This kind of concentration in defence gives confidence to two forward players who can then be fully creative and free to play to their instincts. In the end, Hazard scores a wonder goal few moments later.

To conclude, Chelsea wins again due to their impeccable team performance while Arsenal crushes under the pressure unable to create anything substantial while the game was still in their reach. Without the patience to shift Chelsea around and organize slowly they pushed forward in numbers disregarding the counter attack threat. This in the end only helped Chelsea to achieve one of the easiest wins this year.

While the difference in individual quality between two London teams isn’t so great, the difference in team organization, ideas of how to break the opposition and concentration to stick to the plan shows who is really the team and who is much less so at the moment.

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Liverpool v Chelsea match analysis: Bastard free kick not enough for Chelsea

The “bastard” free kick and amazing penalty save from Mignolet put a stamp on the most interesting Premier League clash of the week which ended the nightmare Liverpool was experiencing this month.
Chelsea came to Anfield at the worst moment for the hosts who barely won against a fourth division team this year. Even for that they needed second leg replay. Liverpool had lost three consecutive games, dropped out of two cups in three days and had to face the best team in country.

However, Liverpool had already beaten Chelsea this season and the good news was that Sadio Mané finally returned from the African Cup of Nations and the whole squad was fit to play. Chelsea, on the other hand, had few problems before the match. All players fit, excellent form this year with only a loss against Tottenham. While Liverpool had a lot to lose in this match, Chelsea could take it calmly, keep tight at the back and wait for their chance and that is exactly what they did.

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Chelsea sitting tight at the back letting the hosts keep the ball

They sat back leaving Liverpool with the ball and little idea how to break down the defense.

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Liverpool game plan involves a lot of movement of midfield and forward lines in order to create the right sequence of passes and movement to get into a scoring chance. A difficult task against so well organized opposition

If we look at the same image from the Liverpool perspective we see the general idea Liverpool uses in their attacking third. Forwards (red lines) constantly change places. Coutinho is dropping back while Firmino and Lallana are more flexible and take turns in dropping deeper and making forward runs. In this instance it is Lallana who starts from deeper position and makes a run behind the defense.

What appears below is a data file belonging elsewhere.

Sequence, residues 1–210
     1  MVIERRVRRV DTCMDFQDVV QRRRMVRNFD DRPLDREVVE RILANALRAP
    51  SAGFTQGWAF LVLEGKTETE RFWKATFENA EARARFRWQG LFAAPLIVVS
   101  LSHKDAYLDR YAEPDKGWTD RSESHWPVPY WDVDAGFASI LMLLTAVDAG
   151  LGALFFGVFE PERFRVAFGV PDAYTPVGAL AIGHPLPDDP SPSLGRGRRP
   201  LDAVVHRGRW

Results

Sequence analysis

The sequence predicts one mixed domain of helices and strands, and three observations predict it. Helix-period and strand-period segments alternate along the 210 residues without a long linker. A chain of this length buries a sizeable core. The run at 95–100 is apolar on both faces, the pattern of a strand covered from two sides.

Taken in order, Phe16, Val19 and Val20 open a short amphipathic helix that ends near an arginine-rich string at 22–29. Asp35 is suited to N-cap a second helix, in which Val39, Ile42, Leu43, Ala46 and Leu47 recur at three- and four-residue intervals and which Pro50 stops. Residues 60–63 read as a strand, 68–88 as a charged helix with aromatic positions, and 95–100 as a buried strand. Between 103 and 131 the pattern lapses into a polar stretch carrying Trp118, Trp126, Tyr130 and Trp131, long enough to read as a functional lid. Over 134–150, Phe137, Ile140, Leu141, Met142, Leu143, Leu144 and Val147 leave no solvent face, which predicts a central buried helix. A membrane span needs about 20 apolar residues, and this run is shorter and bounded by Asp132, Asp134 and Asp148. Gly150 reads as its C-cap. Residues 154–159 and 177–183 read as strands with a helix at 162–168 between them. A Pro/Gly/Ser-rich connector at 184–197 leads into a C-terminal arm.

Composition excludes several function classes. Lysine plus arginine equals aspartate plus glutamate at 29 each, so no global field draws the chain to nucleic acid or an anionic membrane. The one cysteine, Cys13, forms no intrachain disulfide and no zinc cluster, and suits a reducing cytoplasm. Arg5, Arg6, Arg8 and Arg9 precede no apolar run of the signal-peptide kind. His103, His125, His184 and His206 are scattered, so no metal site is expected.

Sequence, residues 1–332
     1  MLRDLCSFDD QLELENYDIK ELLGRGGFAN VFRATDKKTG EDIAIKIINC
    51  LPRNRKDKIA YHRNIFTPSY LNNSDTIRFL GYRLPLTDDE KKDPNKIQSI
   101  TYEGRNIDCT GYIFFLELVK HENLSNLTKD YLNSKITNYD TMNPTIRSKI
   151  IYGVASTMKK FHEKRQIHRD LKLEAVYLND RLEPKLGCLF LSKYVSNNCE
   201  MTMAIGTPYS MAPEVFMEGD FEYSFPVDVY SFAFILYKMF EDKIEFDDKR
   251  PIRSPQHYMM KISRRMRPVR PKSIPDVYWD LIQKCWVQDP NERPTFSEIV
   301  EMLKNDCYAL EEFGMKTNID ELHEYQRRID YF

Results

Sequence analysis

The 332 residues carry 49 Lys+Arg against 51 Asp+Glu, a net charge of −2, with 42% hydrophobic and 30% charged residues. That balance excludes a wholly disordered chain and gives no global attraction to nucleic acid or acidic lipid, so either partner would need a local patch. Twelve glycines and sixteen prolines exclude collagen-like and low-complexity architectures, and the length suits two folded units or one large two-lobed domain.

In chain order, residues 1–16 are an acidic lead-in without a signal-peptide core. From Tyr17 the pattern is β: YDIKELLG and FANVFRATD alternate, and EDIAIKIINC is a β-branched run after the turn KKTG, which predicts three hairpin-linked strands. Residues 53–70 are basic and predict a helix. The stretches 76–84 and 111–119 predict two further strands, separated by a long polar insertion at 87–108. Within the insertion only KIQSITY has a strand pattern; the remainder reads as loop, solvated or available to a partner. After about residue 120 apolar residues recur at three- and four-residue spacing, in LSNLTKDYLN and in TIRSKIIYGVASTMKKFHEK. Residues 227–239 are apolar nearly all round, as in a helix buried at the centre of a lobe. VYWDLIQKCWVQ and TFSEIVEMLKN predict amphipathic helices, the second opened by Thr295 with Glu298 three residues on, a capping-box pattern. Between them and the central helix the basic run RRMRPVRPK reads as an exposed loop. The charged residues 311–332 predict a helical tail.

Midfielders (blue lines) operate under broadly similar principle. Henderson plays as a holding midfielder while Wijnaldum and Can are making turns in forward runs from deep. In this instance, it is Can who breaks behind the Chelsea midfield line.

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Liverpool went down the left side in order to reach the middle third which they did very effectively. However, Chelsea was as effective at limiting their passing lanes in the attacking third (source: @11tegen11)

Above we see the Liverpool positions and a passing map that reveals James Milner as a link between the defense and the midfield. If you keep in mind the Chelsea formation that is quite a reasonable choice as down the flanks Liverpool has natural man advantage. However, once the ball gets to the central area, to Coutinho and Jordan Henderson, links between players perish.

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In first half Lierpool persisted at trying to break the defense via movement in central area

If you get back to the second image, you see why as well. Eight Chelsea players are behind the ball and three most advanced Liverpool players are cut off between them. The only space Liverpool has is in wide areas and Chelsea is happy to concede in order to keep the middle of the pitch sealed off.

Note also the positioning of Diego Costa and Eden Hazard who are both high up the pitch not participating effectively in the defensive phase at the moment.

While Liverpool did well without the ball, closing Chelsea down and forcing mistakes and clearances, they had a lot of trouble getting in the goal scoring position.

However, after conceding that free kick, Liverpool was playing quicker, with more will and desire but didn’t substantialy change their approach. They were always looking to get into scoring position by outplaying packed middle.

The second half didn’t see a significant change from Chelsea but Liverpool made an important addition to their attempts to penetrate the defense.

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A shift in fortunes happened as Liverpool added a new way to get into the box. A diagonal ball to the left side after overloading the right flank finally unlocked Chelsea

Liverpool recognized a weak spot in the zone defended by Moses and Azpilicueta. There was not only a potential height advantage when Can made his forward runs in the area, but also a weak link when Liverpool would overload the right flank and quickly shift the ball to the other side – behind the back of Moses.

This move was performed four or five times and each time it was more dangerous than anything Liverpool did in the first half.

Once Liverpool equalized the match went into the realm of will and work rate and both teams were on brink of scoring. Chelsea kept the pressure on counter attack with great help from Kante who managed 16 successful tackles (of total 29) in a match that sprung quick counter attacks. Liverpool, on the other hand found confidence after scoring and kept pushing.